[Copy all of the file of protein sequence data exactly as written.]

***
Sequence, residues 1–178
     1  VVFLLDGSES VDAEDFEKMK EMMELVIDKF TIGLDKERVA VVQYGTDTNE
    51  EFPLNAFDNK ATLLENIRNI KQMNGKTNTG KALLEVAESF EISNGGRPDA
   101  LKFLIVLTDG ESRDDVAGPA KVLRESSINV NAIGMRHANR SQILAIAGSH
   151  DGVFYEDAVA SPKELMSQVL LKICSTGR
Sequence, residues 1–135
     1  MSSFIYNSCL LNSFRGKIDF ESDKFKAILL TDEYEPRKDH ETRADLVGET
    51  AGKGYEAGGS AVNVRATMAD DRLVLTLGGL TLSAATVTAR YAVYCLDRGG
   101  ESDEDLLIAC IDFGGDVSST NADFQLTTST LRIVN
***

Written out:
Sequence, residues 1–178
     1  VVFLLDGSES VDAEDFEKMK EMMELVIDKF TIGLDKERVA VVQYGTDTNE
    51  EFPLNAFDNK ATLLENIRNI KQMNGKTNTG KALLEVAESF EISNGGRPDA
   101  LKFLIVLTDG ESRDDVAGPA KVLRESSINV NAIGMRHANR SQILAIAGSH
   151  DGVFYEDAVA SPKELMSQVL LKICSTGR
Sequence, residues 1–135
     1  MSSFIYNSCL LNSFRGKIDF ESDKFKAILL TDEYEPRKDH ETRADLVGET
    51  AGKGYEAGGS AVNVRATMAD DRLVLTLGGL TLSAATVTAR YAVYCLDRGG
   101  ESDEDLLIAC IDFGGDVSST NADFQLTTST LRIVN